When Xavier was in Japan, the inquisitive natives overwhelmed him with the multitude of their interrogations. It was in the midst of these, “that by a prodigious manner of speech, the like of which was scarcely ever heard, he satisfied with one only answer, the questions of many per. sons, on very different subjects, and often opposite to each other, as suppose, the immortality of the soul, the motions of the heavens, the eclipses of the sun and moon, the colours of the rainbow, sin and grace, hell and heaven. The wonder was, that after he had heard all their several demands, he answered them in few words, and that these words, being multiplied in their ears, by a virtue all divine, gave them to understand all that they desired to know, as if he had answered each of them in particular.”+

This story, which, out of respect to the understanding of our readers, we will not attempt to refute, especially as we do not believe that a single well-educated English Romanist could be found hardy enough to defend it, is recorded, minus a few embellishments, in the alreadycited epistle of Antonio de Quadros; confessedly on the authority of a single Japanese. No man of common sense will long hesitate which alternative he ought to adopt, when he has to chuse between crediting such a monstrous parrative as this, and simply believing that a Portuguese Jesuit retailed an impudent falsehood.

When the saint was last at Sancian, "he cleared the country of the tigers, which laid it waste. These furious beasts came in her de together out of the forests, and devoured not only the children, but the inen also, whom they found scattered in the fields, and at a distance from the entrenchments which were made for their defence. One night, the servant of God went out to meet the tigers, and when they came near him, threw holy water upon them, commanding them to go back, and never after to return. The commandment had its full effect, the whole herd betook themselves to flight, and from that time forward no tigers were ever seen upon the island.

Here, like the Athenian dicasts, to whom Demosthenes told his tale of the ass's shadow, we should like to know a little inore. It might be impertinent to enquire whether any body else ever saw a herd of tigers, or how long the small and desolate island of Sancian would furnish sustenance for even a score of such destructive and ferocious creatures : but we have some curiosity to learn what became of them. Did they commit suicide by jumping into the sea ; or fight with each other, till all were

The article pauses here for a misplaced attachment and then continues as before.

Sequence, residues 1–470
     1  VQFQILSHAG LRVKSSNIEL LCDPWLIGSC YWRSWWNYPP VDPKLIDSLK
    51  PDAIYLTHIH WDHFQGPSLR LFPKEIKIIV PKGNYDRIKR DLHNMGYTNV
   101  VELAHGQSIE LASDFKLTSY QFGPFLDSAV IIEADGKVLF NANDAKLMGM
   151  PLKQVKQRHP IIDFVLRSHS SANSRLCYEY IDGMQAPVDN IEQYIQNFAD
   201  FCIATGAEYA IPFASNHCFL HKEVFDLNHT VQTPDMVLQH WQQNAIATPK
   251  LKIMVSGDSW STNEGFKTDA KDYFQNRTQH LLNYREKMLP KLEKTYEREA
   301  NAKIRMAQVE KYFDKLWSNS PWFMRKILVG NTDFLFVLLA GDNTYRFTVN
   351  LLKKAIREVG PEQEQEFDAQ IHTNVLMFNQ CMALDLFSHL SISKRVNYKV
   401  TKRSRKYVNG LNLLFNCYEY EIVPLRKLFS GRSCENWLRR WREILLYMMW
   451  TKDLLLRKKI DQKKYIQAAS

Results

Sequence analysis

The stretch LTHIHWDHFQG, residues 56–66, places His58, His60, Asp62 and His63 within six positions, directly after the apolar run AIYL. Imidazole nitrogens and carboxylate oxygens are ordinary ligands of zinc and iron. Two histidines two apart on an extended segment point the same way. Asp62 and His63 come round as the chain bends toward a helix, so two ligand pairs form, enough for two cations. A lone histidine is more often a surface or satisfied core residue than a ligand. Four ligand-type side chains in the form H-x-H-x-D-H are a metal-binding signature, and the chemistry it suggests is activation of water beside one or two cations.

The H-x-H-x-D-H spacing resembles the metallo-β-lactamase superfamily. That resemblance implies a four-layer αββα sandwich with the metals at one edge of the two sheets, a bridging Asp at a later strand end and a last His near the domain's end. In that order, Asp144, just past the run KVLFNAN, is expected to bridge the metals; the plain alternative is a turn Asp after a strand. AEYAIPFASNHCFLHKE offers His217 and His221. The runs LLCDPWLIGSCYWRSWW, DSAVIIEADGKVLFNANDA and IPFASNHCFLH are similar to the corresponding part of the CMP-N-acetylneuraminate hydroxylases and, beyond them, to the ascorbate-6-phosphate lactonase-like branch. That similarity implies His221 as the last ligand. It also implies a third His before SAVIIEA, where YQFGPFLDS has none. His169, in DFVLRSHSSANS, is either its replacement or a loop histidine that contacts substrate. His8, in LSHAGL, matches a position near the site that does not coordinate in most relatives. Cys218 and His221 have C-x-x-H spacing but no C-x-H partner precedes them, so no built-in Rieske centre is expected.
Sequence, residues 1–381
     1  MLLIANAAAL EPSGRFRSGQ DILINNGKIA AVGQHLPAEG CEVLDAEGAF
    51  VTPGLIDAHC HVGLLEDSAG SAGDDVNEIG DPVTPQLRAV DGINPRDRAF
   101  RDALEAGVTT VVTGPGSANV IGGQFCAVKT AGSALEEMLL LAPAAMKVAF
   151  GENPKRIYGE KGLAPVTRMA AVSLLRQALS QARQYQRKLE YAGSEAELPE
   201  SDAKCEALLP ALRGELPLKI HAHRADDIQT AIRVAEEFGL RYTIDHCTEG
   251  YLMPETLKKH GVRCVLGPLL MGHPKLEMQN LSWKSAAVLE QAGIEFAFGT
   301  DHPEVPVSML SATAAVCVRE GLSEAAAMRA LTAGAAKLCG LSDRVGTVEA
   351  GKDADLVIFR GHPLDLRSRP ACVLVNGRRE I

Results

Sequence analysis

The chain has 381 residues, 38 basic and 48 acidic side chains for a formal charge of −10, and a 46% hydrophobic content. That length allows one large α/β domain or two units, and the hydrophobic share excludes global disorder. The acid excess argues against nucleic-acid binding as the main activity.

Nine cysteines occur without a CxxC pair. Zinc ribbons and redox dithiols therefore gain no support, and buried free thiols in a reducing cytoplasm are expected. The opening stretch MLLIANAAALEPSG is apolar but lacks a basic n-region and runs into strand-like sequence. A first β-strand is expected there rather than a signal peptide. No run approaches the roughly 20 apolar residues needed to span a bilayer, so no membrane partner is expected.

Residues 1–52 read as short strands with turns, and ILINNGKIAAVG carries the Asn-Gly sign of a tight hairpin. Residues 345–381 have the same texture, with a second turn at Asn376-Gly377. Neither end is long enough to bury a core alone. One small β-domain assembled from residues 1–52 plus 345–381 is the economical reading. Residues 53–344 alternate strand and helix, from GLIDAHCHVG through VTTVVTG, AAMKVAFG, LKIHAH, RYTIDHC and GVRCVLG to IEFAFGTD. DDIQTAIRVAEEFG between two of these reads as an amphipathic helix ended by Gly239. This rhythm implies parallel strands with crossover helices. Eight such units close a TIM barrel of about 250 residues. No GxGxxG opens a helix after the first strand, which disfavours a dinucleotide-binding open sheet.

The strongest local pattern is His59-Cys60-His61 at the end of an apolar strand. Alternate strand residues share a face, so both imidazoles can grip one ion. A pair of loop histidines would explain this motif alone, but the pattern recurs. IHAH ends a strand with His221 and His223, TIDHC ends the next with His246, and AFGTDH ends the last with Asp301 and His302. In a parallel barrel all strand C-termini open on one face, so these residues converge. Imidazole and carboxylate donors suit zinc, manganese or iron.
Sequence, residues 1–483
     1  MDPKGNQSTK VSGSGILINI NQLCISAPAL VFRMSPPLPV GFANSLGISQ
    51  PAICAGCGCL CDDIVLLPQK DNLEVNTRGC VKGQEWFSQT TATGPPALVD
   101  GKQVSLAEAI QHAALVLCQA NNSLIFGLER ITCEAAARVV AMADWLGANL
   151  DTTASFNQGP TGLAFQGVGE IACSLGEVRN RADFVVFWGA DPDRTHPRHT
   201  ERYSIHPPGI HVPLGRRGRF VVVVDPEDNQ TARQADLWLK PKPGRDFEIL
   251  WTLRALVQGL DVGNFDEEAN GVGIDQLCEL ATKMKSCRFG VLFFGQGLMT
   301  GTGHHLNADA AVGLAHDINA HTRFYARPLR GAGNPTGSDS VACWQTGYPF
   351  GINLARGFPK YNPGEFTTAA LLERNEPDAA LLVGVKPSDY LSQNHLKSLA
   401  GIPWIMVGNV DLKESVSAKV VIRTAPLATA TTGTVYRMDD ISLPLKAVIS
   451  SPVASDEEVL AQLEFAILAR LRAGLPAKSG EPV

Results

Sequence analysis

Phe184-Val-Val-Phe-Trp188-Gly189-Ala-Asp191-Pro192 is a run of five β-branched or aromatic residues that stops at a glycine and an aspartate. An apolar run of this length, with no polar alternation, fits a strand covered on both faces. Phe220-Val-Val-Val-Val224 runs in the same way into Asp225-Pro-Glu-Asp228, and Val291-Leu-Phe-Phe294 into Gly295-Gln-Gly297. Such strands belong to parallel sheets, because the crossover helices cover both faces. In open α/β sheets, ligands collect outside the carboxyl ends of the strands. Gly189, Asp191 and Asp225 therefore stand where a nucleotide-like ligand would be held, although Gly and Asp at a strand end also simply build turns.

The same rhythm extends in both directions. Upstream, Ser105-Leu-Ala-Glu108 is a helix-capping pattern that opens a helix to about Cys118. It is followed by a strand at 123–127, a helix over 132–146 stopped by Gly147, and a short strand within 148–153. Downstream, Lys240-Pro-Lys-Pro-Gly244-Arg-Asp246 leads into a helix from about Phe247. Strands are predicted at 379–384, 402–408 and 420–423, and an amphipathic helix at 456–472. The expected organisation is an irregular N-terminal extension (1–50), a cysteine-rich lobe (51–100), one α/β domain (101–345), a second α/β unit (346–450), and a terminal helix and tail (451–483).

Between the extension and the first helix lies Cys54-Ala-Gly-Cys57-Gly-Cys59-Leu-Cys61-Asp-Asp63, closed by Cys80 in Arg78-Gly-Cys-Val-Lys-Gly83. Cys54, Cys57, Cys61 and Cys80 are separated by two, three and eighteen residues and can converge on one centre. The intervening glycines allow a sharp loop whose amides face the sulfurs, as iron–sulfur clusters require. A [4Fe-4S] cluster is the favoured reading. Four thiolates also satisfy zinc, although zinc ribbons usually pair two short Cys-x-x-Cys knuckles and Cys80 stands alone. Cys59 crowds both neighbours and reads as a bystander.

• As we do not wish to give the pagans an undue advantage, re think it fair, by way of holding the balance evenly, to inform our readers, that the Irish saint, Fursey, made an eloquent speech before he was born.

+ Bouhours, pp. 457-8. Tursellinus, p. 476. Eman. Acosta, p.7. Ant. de Quadros, (ap. Diversi Avisi) fol. 209. This story is, as our readers may perceive, vouched for by more authorities than any of the preceding ; much more, however, to their dishonour than its own credit. Xavier was at this time absolutely incapable of making himself under. stood in Japanese. He read short discourses to the people, which had been drawn up with great difficulty and labour by his companion John Fernandez; and in all his viva voce communications with the natives, he was obliged to employ Fernandez as his interpreter !!!

Bouhours, p. 632. All our witnesses of the sixteenth century, from Xavier himself down to Tursellinus, observe a dead silence respecting this affair, and do not so much as hint tbat any thing in the sbape of a tiger was ever seen on the island; which they tell us was very barten, and had few provisions of any sort ! Perhaps the tigers in question were of the Chinese breed described by Grosier, (Description de la Chine) which, he tells us, have no tail, and a head like that of a dog, (very like tigers indeed!) and also have a cunning trick of assembling a number of their fellows, to assist in grubbing up the trees in which the men pursued by them take refuge. These, we dare say, were as plentiful on the island of Sancian in Xavier's time, as they ever were upon the adjoining continent.